CarTalk.com Blogs Car Info Our Show Deals Mechanics Files Vehicle Donation

Opinions needed, getting a new car

Hey all,
I’m new here. Not a car aficionado. My car got destroyed by a wayward tree limb awhile back and I’m in the market for another car. Goin’ used. At the moment, my top 2 choices are a 2001 Mercury Sable and a 2005 Dodge Stratus. I’ve asked a couple people who know a little about cars and both lean toward the Sable. I’ve been told it’s more reliable and the parts are cheaper than Dodge. So normally the case would be closed. Here’s the rub. I work a job where I’m driving a lot and so I need something with decent gas mileage. From what I’ve seen online, the Sable only gets 17 city and 25 hwy while the Stratus gets about 22 and 30. So my question is, is it worth the gas mileage to go for the Stratus? Thanks for the help.

I’d be surprised if the actual mpg difference was that big. You can get mpg info at www.fueleconomy.gov. If you’re looking at a 2001 Sable, also look at the Taurus, they’re identical underneath the trim.

Based upon your two cars under consideration, you are not a car guy and looking for cheap transportation. In that case, the make and model do not matter as much as how was the car driven and how was it maintained. Look for an average mileage, one owner car with all service records. Don’t forget to get a pre-purchase inspection.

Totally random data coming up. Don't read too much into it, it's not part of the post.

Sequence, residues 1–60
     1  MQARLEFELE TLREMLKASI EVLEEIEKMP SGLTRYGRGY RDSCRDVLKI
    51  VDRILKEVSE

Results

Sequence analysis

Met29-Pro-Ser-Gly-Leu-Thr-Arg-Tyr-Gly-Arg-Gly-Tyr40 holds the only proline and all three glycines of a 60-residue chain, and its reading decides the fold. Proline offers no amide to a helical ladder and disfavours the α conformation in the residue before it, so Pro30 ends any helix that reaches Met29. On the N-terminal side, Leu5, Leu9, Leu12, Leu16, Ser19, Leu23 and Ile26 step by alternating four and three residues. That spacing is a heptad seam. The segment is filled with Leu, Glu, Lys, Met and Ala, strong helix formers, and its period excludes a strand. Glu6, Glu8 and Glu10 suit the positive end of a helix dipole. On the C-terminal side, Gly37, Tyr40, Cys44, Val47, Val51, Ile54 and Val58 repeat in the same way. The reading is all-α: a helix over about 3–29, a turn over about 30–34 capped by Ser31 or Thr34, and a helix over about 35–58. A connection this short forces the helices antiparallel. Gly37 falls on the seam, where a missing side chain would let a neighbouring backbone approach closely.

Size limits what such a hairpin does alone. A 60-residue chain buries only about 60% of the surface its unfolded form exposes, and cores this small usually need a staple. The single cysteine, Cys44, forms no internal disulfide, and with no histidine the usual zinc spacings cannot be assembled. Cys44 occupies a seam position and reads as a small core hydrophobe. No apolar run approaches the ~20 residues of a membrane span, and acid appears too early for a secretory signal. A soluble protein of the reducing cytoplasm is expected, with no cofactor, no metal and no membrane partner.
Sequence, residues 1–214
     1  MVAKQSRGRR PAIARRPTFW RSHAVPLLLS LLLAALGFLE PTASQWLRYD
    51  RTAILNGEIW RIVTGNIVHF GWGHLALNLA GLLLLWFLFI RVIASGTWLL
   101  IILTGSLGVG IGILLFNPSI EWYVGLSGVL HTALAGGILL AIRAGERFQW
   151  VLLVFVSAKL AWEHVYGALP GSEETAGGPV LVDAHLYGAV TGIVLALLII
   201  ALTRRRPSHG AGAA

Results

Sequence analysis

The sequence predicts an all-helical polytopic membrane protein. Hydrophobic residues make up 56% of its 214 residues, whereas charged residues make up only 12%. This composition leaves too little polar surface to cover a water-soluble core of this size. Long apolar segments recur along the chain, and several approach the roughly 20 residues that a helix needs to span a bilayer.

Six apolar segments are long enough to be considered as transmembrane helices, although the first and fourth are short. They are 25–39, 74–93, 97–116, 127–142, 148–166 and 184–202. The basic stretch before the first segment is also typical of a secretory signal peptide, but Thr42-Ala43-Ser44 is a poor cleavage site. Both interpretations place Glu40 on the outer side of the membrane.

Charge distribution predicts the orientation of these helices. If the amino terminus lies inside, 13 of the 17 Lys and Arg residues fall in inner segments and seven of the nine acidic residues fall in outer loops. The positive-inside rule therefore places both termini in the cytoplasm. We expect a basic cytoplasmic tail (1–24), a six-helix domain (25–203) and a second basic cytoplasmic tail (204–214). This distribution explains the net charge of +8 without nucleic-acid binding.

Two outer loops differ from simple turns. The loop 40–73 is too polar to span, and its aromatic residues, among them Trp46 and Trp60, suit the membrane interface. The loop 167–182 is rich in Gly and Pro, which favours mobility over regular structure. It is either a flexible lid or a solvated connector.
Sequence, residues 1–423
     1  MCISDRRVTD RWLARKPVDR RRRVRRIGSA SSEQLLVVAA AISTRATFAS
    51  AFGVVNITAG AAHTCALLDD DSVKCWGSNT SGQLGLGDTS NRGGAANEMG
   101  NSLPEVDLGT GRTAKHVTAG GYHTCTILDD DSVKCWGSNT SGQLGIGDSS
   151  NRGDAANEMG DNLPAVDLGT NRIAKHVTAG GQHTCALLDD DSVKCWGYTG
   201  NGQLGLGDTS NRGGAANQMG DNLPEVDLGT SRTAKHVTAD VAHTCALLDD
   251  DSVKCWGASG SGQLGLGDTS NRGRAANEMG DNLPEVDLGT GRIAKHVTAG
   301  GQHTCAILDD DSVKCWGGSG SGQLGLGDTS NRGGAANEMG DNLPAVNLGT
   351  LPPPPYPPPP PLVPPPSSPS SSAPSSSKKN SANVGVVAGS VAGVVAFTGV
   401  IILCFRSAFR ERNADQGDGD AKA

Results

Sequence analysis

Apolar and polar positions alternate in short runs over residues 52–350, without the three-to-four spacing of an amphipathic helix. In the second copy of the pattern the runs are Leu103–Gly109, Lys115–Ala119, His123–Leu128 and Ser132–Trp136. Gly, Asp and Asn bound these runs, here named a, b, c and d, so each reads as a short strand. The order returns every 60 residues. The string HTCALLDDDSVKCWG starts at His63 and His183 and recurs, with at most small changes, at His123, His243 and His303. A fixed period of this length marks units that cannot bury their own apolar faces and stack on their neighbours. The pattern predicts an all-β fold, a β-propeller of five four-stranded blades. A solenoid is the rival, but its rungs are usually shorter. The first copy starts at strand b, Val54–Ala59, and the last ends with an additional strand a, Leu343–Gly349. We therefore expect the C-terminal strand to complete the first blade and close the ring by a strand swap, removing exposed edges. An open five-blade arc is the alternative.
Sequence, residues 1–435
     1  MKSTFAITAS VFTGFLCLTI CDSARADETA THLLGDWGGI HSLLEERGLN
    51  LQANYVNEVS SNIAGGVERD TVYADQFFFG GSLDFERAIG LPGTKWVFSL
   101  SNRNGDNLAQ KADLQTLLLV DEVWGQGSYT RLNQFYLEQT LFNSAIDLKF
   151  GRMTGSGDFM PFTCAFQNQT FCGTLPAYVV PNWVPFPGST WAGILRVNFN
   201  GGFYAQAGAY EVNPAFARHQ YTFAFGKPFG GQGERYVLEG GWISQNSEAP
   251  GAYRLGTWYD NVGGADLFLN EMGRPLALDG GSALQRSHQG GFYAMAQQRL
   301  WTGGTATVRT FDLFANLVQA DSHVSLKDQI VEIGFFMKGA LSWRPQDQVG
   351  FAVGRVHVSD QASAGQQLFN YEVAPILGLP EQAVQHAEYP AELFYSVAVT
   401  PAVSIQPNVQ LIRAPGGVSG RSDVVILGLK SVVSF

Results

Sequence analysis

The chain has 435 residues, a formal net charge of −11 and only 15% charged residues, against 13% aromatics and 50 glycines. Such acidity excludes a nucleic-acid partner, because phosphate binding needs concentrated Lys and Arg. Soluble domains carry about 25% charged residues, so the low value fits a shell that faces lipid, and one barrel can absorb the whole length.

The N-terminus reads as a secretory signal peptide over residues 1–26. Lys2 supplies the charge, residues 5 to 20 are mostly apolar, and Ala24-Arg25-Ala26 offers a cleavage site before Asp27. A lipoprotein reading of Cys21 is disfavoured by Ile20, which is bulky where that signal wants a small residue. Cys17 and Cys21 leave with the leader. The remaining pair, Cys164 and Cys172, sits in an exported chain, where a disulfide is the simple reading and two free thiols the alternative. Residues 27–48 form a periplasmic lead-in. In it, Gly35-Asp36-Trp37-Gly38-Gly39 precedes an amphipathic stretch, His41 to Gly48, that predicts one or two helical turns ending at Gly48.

I’d put a used low mileage, one owner, Hyundai Sonata high on the list. Most basic Asian cars have better long term reliability then US cars.

Good luck!

With the low interest rates we have now and what I consider the best selection of affordable compact cars you should at least think new with warranty since you drive a lot.

If you need the size, pick the one in the best condition and pay a mechanic to do a prepurchase inspection for $100 or so. It will be the best $100 you’ve spent in a long time. What is the mileage on the cars, BTW? If you don’t need a larger car, look at compact cars in your price range. The last few years of the Chevy Cavalier were good from a reliability standpoint.

6 of one, half dozen of the other. Of the two you are considering, I’d choose the Stratus because it is 4 years newer. The plastic and rubber parts, including critical belts and seals, degrade with time. Other things being equal, the car’s age is more important than how many miles is on the meter, provided the routine maintenance has been done on schedule.

Here’s another vote for the Stratus.

Why is it that every time someone asks us to help them choose between two used cars both choices are terrible?

Not much of a choice, but the '05 Stratus is simply a bad car. I guess that means my vote is for the Sable.

Try to find Grampa’s 2005 Buick and buy that instead.

I agree with the Buick suggestion. At that price range, gas mileage is the least of your worries. One transmission rebuilt can wipe out 5 years of gas savings easily, esp with today’s low prices.
Both cars listed above are generally not reliable, might be good for someone who knows how to fix some of the problems but if that is not you, then look for something else.